Reporting essential for driving the Treasury

Reporting essential for driving the Treasury

Reporting for the sake of reporting does not create any added value to the organization. Have you ever questioned who is reading your daily, weekly and monthly reports and what they did with the information and data in the reports? Many treasury departments produce regular reports about the companies’ cash and liquidity position, cash forecast, foreign exchange and debt position. This article will provide you with some thoughts about how reporting can contribute to value creation by measuring and reporting the right indicators.

What goes wrong?

One size, does not fit all

A key step in treasury reporting is to get clarity about the needs of your audience and to create tailor-made reports for the different purposes. This determines the topics, but also the level of detail and the frequency of the reports. A ‘one size, fits all’ approach does not work since some readers only want to see aggregate figures and deviations from trends, while others are interested in a full deep dive on individual numbers.

Do not manage by looking through rear window mirror

Decision making requires forward looking information, making estimates and guesstimates. Historical information can support you in this area, but it is not sufficiently and lacking the insight that is already available in the company.

Put figures in perspective

Financials should be reported in relation to your key financial parameters. If EBITDA is one of your key financial parameters, then you want for example to know the sensitivity for FX movements. If your company is highly leveraged, then debt covenants might be breached due to interest or FX movements, so you want to know your debt bearing capacity and report about it.

Silos versus data warehouses

Data is captured in many source systems, such as different ERP/accounting, sales/CRM, Procurement, FP&A and Treasury systems. The challenge is on how to bring the data consistently, timely and accurately together. Data definition is the most challenging hurdle; to get consensus about the same meaning of data and to establish the linkage between data in different sources. Technology supports combining the data in data warehouses or data lakes and making the information available for the different stakeholders via BI tooling or Cubes. Data analytics, machine learning and artificial intelligence can support you in further analysing the data and forecasting.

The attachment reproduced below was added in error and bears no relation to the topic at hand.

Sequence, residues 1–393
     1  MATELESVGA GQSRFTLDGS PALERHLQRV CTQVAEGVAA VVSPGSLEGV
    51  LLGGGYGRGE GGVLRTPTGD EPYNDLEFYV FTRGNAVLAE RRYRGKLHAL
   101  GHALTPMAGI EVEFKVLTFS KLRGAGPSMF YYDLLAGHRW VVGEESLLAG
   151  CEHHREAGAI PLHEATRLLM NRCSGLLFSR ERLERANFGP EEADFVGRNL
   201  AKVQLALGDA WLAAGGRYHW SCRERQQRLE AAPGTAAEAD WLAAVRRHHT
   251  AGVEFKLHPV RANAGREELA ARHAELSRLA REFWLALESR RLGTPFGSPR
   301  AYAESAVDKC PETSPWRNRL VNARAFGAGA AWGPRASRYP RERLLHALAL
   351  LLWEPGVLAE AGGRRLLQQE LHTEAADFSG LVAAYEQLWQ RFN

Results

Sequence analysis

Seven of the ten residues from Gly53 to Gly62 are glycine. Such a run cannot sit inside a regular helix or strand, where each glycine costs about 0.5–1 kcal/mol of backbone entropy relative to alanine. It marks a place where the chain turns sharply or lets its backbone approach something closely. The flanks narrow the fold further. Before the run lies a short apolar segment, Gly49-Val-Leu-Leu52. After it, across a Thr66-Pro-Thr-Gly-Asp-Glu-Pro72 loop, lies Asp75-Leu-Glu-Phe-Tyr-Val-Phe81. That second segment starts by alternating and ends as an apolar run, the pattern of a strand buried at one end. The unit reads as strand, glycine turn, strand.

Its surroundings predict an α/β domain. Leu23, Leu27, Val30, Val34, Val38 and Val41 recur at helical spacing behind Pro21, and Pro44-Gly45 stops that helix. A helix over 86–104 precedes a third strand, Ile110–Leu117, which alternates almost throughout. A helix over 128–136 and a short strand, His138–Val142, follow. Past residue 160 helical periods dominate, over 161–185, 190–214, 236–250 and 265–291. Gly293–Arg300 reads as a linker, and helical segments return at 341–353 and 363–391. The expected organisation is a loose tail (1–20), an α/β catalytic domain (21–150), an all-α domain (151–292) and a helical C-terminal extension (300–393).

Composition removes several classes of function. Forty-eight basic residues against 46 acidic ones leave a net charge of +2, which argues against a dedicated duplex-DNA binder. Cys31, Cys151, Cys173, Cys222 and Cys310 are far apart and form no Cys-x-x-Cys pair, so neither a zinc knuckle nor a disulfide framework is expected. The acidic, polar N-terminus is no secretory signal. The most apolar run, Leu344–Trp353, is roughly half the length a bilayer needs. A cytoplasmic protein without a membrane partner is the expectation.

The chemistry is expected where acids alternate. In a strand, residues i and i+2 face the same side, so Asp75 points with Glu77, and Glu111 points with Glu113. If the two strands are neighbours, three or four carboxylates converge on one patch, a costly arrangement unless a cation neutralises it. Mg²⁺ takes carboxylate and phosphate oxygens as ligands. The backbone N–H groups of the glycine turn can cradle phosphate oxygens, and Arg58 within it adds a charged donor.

Key Risk Indicators, Key Performance Indicators and Key Value Indicators

Having the basics right enables you to create valuable reporting that provides insight in the drivers of your business decisions. It also enables you to measure indicators, to report about them and manage them subsequently.

Reducing risk and gaining control is the first area for measuring indicators. This means that complexity will be reduced, and processes and systems simplified. Examples of Key Risk Indicators (KRI’s) in treasury are reduction of number of bank accounts, level of straight through processing, automatic reconciliation ratio, etc.

The next level is to improve performance and reduce costs. Measuring Key Performance Indicators (KPI’s) provides insight in the level of performance. Improve effectiveness and increase efficiency are key drivers, that can be measured. Examples of treasury KPI’s are cash flow forecasting accuracy, hedge performance, level of automatic cash concentration, % FX dealing through dealing portals.

Finally, Key Value Indicators (KVI’s) show the achievement of strategic objectives and value adding services by Treasury. Measuring the added value of hedging for example; how much reduction of Value at Risk (VAR) or reduction of EBITDA volatility is achieved compared to the cost of hedging. Return on investment as a measure for the investment in ‘bots’ (RPA) or artificial intelligence. The decrease in funding costs and time spent, due to improved cash flow forecasting can be compared to the investments made.

Getting access to the right data, in a timely and efficient manner, measuring the right indicators and reporting it to the right audience are the key takeaways of this article. You will gain thorough and accurate insight in the business, better understand the drivers and risks and therefore it will enable you to manage liquidity and risk in the most optimal way.